Occasionally, the necessities of confinement and social distancing have mothered some worthwhile inventions. Celebrating Shakespeare’s birthday in April, the Chickspeare theatre company began with a fairly common 24-hour new play format, issuing a prompt to a select group of playwrights and expecting original 10-minute plays by each of them to be written, cast, rehearsed, and presented 24 hours later. Instead of the community projects I’d seen in past incarnations of this format, the new works were household creations – written, acted, and recorded by small groups of people, usually pairs, who were quarantining together. The results showed that these writers, actors .and stage directors were also quite adept at filming and wielding video editing software. Chickspeare had broken into an entirely new medium.

Charlotte Symphony’s new Al Fresco series of chamber music concerts has been similarly revelatory. The webcasts began steaming weekly on Wednesday nights on June 10, in a more relaxed environment than Belk or Knight Theater, where Symphony’s classics series is presented, and on a more intimate scale. Not surprisingly, the Al Fresco series is the brainchild of principal cellist Alan Black, a longtime catalyst for chamber music programming in the Charlotte area, beginning with a monthly series at St. Peter’s Episcopal Church back in the ‘90s and continuing with more acoustically pleasing seasons of Sunday afternoon concerts at Tyler-Tallman Hall on the Davidson College campus. The new series, subtitled “changing venues for changing times,” is performed outdoors in the backyard of Black’s bosky Davidson home.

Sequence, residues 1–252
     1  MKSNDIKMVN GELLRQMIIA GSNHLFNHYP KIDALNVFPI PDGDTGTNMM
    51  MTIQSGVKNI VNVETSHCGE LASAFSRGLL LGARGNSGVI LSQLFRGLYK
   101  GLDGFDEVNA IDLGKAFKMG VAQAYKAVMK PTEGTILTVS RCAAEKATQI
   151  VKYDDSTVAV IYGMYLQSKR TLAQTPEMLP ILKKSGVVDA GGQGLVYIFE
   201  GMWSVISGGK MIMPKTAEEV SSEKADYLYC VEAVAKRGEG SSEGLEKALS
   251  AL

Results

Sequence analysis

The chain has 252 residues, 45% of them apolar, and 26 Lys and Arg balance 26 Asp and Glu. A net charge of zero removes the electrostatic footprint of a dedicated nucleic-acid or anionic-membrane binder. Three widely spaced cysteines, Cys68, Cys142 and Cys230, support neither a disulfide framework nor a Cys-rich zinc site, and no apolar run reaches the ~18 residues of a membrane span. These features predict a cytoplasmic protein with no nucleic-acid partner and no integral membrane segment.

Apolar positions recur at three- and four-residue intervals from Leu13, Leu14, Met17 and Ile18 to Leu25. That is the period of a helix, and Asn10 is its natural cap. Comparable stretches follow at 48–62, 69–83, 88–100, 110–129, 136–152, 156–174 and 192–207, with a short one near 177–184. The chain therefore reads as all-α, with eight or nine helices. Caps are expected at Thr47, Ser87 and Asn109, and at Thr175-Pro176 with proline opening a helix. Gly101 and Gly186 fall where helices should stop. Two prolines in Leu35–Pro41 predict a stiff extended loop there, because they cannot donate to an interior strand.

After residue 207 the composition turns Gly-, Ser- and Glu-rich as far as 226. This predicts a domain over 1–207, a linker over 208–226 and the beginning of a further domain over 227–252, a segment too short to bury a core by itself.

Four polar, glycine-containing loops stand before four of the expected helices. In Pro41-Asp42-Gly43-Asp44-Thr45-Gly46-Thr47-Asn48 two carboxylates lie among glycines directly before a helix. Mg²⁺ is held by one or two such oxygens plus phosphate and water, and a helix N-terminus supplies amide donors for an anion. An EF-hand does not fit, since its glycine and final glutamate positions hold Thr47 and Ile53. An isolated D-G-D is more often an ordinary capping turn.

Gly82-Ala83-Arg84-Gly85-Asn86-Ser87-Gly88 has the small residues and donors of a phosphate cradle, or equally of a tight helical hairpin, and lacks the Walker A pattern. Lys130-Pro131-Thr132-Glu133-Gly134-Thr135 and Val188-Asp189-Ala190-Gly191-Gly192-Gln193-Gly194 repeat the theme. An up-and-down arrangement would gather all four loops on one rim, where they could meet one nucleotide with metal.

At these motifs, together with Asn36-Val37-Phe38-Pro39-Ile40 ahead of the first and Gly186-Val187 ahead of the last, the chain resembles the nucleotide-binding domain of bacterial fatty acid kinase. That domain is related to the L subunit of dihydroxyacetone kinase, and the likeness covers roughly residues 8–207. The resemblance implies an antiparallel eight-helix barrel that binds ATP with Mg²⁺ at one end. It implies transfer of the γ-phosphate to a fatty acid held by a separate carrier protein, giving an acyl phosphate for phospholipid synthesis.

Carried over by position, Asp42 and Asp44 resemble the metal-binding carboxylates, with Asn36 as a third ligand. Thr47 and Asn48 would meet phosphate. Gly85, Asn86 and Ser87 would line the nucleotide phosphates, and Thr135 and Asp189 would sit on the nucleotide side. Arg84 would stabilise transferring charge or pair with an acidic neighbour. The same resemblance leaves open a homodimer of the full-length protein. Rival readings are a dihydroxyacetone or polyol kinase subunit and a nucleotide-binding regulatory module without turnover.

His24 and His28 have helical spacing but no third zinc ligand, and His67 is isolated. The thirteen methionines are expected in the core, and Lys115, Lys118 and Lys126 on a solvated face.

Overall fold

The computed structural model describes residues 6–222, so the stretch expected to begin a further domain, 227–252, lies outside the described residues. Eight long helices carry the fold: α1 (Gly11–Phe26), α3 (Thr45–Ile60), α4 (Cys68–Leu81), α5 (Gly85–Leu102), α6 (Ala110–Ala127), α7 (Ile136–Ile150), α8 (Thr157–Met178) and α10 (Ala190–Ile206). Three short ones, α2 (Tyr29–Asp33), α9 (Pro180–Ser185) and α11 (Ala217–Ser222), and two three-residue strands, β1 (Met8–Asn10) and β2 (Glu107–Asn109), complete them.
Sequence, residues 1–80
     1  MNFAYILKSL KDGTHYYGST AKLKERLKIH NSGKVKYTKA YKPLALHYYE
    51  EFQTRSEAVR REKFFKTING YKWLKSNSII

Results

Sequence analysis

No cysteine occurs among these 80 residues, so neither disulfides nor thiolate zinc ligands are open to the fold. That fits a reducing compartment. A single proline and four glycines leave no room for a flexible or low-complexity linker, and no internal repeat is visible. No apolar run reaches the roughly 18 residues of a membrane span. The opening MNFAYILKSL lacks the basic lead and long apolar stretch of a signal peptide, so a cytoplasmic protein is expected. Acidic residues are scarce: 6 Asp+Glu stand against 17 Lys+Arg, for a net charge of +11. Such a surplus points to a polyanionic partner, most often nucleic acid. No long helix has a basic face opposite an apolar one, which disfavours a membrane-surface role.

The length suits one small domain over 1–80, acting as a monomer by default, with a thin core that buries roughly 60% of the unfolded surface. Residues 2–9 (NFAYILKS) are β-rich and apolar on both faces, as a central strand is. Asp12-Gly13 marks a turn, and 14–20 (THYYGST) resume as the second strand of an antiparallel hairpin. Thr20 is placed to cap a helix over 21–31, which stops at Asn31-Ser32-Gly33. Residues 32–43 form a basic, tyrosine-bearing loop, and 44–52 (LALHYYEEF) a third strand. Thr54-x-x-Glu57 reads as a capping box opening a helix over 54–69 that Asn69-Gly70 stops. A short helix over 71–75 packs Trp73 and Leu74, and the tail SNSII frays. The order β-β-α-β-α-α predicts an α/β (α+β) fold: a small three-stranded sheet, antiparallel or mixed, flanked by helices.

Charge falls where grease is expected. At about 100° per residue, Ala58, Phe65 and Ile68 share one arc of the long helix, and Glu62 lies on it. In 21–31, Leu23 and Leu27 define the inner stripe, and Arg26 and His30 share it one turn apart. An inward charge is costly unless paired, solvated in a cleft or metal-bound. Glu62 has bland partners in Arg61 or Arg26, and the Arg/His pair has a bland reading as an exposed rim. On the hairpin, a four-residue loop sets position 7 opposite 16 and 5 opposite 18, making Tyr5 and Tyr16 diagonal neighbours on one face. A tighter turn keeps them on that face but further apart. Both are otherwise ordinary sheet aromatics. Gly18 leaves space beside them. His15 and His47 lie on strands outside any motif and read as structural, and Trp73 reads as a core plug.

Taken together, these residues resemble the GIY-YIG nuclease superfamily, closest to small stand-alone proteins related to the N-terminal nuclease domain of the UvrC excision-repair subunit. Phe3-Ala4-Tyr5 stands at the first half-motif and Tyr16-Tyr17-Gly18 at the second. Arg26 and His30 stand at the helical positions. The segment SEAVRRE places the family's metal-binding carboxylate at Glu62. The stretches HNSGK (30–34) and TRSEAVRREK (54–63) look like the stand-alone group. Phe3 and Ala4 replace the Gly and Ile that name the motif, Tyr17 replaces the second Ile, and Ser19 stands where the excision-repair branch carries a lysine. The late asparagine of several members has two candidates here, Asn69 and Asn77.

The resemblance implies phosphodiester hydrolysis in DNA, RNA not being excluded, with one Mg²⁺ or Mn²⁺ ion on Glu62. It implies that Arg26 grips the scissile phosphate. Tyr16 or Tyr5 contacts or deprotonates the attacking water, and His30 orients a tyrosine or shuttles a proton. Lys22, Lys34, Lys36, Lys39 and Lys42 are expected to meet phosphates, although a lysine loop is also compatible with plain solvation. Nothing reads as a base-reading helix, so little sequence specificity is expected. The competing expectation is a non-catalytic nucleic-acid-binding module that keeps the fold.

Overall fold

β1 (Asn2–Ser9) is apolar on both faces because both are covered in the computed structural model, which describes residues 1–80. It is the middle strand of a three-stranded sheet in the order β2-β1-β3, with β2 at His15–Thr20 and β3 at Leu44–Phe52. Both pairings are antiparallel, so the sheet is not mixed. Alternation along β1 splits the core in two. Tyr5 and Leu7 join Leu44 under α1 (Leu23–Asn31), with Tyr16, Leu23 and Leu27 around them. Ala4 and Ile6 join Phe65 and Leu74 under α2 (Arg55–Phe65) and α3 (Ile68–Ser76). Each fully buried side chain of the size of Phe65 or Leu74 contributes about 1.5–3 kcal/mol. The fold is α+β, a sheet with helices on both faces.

Fortunately, while choosing his programming and recruiting personnel, Black brought French hornist Bob Rydel into the process for a set of wind quintets by Josef Haydn and Robert Muczynski. As Black tells us during the “Winds in the Woods” program, first streamed on June 24, his original concept called for recording the concerts with an iPhone or two, tools we have seen so very often behind the scenes at ZOOM meetings and guerilla theatre productions. Operating the Acoustic Mobility remote recording service, Rydel has been able to bring his engineering expertise to the task with state-of-the-art microphones, digital recording, and editing equipment. Video production has been a tack-sharp as the audio, boasting HD quality, with at least three cameras superbly integrated in the editing mix.